I'm an avid runner, and I'm supposed to have my Lasik procedure in about a week. I'm wondering how soon after the procedure I'll be able to be running again. Is it possible that the impact from running might affect my recovery or the healing? Or is there no risk involved?
How Soon Can I Go Running After Lasik Eye Surgery?
Doctor Answers 12
How Soon Can I Run After LASIK
You can resume running after LASIK within three to seven days if you wear sunglasses to protect your eyes from external elements such as sun and wind. It is also important to not rub your eyes. Perspiration may cause your eyes to burn so consider running with a sweatband and/or hat.
Running After Lasik
Running or any other physical activities may result sweating. From that point of view we don't recommend running first two days after the surgery. You can go running 2 days after LASIK as long as you are careful- do not rub your eyes and wear sunglasses to protect your eyes. To be safe start with moderate running.
Running after LASIK
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Running and Exercise After LASIK
We recommend our patients sleep with a shield for the first week after surgery and wear protective eyewear (sun or clear) to avoid rubbing the eyes. A month after surgery the flap is extremely unlikely to be dislodged. A week out after the procedure it I believe it is safe enough to jog if protective eyewear is in place.
Running After LASIK
Most people can go running a week after LASIK. Your surgeon will see you one week post-op and at that time he should be able to tell you for certain, but be careful even one week after surgery. It is best to approach exercise with caution for at least a month after surgery.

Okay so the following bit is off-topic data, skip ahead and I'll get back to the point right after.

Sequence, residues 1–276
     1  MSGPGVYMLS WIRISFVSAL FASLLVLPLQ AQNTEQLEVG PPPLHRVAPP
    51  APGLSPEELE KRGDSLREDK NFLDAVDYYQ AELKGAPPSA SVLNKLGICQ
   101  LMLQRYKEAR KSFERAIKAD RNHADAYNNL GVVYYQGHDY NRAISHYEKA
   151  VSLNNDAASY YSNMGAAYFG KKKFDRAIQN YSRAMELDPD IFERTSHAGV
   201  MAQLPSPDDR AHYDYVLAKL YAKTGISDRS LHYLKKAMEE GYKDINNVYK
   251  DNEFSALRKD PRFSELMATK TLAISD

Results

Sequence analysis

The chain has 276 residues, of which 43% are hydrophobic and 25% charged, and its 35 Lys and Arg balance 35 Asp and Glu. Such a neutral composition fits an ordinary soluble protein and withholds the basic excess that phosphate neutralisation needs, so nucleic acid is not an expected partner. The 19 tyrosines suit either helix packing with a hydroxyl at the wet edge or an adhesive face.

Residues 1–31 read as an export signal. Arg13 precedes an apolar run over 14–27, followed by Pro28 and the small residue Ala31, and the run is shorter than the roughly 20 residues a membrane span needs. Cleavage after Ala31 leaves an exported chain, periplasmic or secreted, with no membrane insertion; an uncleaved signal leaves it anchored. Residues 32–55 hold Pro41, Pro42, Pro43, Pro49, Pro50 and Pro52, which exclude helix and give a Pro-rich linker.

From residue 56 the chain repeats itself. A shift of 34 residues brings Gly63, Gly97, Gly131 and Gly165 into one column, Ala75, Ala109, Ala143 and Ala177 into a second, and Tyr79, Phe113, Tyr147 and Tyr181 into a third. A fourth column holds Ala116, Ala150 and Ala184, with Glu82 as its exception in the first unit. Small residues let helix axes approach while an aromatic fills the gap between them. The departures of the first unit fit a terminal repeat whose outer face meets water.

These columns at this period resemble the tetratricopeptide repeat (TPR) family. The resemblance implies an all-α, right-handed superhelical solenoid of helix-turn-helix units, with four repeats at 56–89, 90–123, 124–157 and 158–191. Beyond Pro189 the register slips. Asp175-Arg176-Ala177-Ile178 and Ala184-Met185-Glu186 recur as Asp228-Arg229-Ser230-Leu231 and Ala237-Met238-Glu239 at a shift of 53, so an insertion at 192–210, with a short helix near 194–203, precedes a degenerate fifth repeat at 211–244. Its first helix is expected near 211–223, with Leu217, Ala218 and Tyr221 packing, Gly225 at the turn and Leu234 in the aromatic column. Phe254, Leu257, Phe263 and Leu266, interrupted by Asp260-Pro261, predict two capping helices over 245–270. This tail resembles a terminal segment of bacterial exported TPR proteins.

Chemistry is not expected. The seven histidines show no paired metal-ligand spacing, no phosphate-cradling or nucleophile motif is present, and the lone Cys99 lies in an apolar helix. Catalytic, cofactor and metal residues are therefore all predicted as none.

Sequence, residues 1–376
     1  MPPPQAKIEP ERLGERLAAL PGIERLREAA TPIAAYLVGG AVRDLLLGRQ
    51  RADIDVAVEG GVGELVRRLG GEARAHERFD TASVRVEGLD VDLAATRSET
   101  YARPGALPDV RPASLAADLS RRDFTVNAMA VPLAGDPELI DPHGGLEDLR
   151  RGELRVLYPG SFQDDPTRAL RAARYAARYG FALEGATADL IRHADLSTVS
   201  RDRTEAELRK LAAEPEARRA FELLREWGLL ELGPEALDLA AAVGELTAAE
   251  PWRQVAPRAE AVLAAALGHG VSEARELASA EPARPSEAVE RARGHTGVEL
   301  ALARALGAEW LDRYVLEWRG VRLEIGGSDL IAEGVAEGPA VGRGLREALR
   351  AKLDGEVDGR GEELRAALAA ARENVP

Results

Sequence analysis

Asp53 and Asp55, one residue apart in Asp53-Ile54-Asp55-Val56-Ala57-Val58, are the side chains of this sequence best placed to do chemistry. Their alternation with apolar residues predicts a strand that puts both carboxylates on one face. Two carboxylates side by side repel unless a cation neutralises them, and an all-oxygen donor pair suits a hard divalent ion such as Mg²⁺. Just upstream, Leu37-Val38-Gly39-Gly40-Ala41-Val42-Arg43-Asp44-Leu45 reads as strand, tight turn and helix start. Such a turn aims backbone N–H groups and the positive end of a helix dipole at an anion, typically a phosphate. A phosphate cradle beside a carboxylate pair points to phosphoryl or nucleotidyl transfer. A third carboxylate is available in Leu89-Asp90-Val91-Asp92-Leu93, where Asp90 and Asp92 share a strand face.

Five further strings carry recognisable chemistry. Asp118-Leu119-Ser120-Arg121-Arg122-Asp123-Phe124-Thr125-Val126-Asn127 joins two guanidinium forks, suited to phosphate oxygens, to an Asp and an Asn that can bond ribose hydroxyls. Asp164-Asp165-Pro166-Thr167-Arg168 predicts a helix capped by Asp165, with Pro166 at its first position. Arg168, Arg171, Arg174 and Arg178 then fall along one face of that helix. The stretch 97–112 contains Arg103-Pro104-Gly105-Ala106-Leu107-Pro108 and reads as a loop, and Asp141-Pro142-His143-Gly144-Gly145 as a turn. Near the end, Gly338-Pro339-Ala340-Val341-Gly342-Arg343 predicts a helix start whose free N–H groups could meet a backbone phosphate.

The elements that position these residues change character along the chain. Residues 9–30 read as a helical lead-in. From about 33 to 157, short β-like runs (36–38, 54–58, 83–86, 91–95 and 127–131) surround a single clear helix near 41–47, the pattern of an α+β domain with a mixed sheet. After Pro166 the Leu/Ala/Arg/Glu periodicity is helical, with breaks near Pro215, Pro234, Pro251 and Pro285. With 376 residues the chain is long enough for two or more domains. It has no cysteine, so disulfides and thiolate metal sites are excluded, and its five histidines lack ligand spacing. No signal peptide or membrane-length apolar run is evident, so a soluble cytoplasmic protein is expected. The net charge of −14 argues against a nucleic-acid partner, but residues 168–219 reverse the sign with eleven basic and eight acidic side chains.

Exercise after LASIK
Reasonable running and exercise is not a problem the next day after LASIK. I usually tell patients to make sure to keep their eyes lubricated with frequent artificial tears and protected from the wind. Also if you are running or working out in a gym, avoid fans as they can exacerbate dryness. Dryness is something that can negatively impact your recovery process. I do have my patients refrain from swimming for a week after LASIK
Running is allowed the day after LASIK
Running is allowed the day after surgery. Speedy recovery is one of the great things about LASIK.
Running post LASIK
On average many LASIK surgeons would likely recommend waiting about 7 days before resuming strenuous activity and exercise after uneventful LASIK surgery. Since running, unlike team sports like football, basketball and soccer, is lower risk for direct ocular trauma, it can often be resumed sooner but protective eyewear should be used. That being said, there is always risk with any physical activity of developing a flap complication, inflammation or infection. Since every surgery is unique and everyone heals differently I would defer to your surgeon for guidance on resuming running and other physical activity.
Avid Running Post-LASIK
For avid runners, waiting a week Post-LASIK would be recommended to ensure that the body has had ample time to recover from the procedures. Although most people return to their daily routines the day after their procedure, routines that are physically vigorous ought to be on hiatus for a week until your Dr. gives you the green light that everything has properly healed. The biggest fear is injury to the eye during rigorous activity. It can be as mindless as rubbing your eye if a particle flew in there while running or an object striking the eyes during the run.
Once your doctor gives you the okay to run again, be sure to wear sunglasses to protect your eyes during the day. Regardless of if you have had LASIK or not, sunglasses are always a good idea to protect your eyes from harmful sun rays.
Exercise after LASIK
My patients are able to run the next day... The few restrictions I give are: no swimming, hot tube or steam baths for a few weeks and nor rubbing of the eyes for 4-6 months. That's it!
These answers are for educational purposes and should not be relied upon as a substitute for medical advice you may receive from your physician. If you have a medical emergency, please call 911. These answers do not constitute or initiate a patient/doctor relationship.